‘A much needed addition to introductory courses in qualitative research.’ - Jean Clandinin, University of Alberta Qualitative Inquiry unites the basics of research design in qualitative research with the practice of analyzing qualitative data. This textbook is about the theory and practice of choosing and designing a qualitative approach and methodological and analytical ramifications that follow from making such choices. It aims to set out the theoretical underpinnings behind different methodological choices and to help students then follow up on (and interrogate) such approaches. Qualitative Inquiry is the ideal starting point for students on research training courses who have opted to develop a qualitative research project. In it, Butler-Kisber introduces students to theory and then demonstrates this theory in practice by showing how a project is actually designed and actually analyzed. This book examines theory, method and interpretation in a way that is meaningful to students and new researchers, as well as discussing newer, more avant-garde, developments in qualitative research in arts-informed inquiry. It is essential reading for students who are seeking to make sense of their research and their developing theoretical standpoints.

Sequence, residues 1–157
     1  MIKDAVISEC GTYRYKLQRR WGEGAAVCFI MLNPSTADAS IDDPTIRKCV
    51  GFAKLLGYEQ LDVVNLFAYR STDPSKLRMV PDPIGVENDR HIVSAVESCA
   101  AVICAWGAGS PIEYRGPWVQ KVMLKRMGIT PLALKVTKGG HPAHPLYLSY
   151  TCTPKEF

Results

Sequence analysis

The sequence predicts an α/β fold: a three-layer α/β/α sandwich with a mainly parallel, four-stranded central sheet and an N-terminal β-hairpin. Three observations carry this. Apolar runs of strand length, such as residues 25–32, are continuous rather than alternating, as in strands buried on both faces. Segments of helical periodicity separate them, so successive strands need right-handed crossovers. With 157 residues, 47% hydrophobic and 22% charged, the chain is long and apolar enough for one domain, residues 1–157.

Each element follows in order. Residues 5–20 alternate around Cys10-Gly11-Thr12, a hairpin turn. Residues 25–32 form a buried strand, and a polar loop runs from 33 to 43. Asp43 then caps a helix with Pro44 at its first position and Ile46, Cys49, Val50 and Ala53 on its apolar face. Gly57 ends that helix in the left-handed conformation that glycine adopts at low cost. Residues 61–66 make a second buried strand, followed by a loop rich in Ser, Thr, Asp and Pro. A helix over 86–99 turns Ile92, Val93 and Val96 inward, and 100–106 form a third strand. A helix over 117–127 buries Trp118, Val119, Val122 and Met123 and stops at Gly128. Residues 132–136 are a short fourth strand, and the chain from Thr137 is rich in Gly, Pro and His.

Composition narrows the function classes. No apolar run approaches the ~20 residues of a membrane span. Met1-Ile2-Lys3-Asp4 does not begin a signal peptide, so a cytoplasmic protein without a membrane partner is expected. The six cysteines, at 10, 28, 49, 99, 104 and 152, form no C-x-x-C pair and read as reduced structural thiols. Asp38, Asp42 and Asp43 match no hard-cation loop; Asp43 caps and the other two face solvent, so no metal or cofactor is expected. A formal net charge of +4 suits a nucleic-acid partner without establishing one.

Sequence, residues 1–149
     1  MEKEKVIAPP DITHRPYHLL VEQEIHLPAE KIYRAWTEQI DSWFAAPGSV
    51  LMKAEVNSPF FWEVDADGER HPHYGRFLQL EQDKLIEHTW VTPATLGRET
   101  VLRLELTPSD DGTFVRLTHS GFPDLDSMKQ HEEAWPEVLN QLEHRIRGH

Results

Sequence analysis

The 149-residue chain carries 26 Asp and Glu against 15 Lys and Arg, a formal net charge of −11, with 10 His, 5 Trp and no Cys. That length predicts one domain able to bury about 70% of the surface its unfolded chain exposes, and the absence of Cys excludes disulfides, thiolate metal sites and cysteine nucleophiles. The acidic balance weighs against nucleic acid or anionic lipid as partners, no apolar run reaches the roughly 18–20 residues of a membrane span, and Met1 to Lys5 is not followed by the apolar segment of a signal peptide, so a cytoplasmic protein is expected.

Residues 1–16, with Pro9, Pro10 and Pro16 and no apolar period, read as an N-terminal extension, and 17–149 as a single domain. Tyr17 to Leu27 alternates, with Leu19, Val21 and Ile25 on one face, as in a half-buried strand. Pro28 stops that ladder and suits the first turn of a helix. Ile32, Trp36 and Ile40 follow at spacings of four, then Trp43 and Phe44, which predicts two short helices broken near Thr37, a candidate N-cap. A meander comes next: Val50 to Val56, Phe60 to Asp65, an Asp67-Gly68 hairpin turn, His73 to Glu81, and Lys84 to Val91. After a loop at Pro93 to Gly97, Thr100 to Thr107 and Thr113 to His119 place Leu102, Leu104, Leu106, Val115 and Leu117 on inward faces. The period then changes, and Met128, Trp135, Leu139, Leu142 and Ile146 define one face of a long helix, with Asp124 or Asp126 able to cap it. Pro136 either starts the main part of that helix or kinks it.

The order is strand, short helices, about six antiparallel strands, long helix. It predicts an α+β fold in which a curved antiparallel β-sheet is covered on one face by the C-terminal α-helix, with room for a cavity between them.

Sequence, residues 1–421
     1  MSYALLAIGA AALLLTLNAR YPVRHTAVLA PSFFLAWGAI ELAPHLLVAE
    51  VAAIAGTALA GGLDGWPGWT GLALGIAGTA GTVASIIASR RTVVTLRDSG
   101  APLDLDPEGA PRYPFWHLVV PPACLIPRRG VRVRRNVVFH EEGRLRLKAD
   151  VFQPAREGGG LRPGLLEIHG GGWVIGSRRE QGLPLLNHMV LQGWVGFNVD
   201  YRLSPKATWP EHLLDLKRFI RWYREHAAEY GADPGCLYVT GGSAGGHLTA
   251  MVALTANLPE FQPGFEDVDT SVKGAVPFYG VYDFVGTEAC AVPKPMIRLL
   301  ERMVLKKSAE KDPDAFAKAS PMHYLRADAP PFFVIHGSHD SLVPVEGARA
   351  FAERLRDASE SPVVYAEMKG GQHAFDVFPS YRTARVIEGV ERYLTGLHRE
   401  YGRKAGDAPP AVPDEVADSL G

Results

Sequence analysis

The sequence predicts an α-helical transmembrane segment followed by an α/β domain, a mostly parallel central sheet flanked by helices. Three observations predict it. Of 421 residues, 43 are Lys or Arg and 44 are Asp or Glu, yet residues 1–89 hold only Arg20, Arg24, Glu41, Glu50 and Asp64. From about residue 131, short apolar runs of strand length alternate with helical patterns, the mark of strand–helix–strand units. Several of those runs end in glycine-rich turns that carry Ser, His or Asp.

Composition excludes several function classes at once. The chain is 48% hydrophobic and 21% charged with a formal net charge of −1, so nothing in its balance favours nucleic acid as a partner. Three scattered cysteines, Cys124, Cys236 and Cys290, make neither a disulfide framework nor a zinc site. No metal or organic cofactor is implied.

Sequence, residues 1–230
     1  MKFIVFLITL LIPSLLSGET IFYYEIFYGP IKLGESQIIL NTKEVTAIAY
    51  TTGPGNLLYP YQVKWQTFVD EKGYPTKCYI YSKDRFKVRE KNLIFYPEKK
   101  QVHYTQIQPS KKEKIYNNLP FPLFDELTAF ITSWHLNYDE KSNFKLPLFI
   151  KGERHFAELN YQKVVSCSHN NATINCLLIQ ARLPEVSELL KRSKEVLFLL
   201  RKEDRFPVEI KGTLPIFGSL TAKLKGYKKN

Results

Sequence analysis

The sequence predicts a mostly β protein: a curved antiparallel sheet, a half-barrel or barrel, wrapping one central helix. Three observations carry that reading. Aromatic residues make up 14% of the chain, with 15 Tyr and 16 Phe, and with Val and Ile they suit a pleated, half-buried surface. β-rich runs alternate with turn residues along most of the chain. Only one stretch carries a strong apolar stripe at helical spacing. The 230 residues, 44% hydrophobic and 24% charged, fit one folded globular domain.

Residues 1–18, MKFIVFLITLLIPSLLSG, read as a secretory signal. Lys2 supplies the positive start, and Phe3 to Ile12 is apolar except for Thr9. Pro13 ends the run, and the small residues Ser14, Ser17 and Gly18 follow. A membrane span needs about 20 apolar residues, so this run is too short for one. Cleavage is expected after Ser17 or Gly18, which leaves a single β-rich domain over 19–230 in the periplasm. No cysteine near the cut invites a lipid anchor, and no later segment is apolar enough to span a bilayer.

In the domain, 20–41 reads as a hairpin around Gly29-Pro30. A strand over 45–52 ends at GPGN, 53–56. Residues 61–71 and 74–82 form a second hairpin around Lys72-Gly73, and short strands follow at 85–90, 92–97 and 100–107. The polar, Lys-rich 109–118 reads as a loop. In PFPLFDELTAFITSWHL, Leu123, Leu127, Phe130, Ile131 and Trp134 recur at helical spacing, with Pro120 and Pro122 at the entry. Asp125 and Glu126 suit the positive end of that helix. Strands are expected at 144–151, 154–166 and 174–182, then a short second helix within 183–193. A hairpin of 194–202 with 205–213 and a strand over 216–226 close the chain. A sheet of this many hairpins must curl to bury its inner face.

The term ‘collage’, which refers to a genre of art, is derived from the French verb coller, which means ‘to stick’, and refers to the process of cutting and sticking found materials onto a flat surface. The roots of papier collé, or collage, date back to at least 1000 years ago when Japanese calligraphers used scraps of torn paper to adorn their written texts. There are instances of collage in folk art, as in the work of Mary Delany (1700–88). She created paper mosaics by cutting petals from colored paper and pasting them onto black paper backgrounds (Hayden, 1980). Families in the Victorian era frequently made scrapbooks of collages depicting their everyday experiences. However, collage became acknowledged as art during the early ...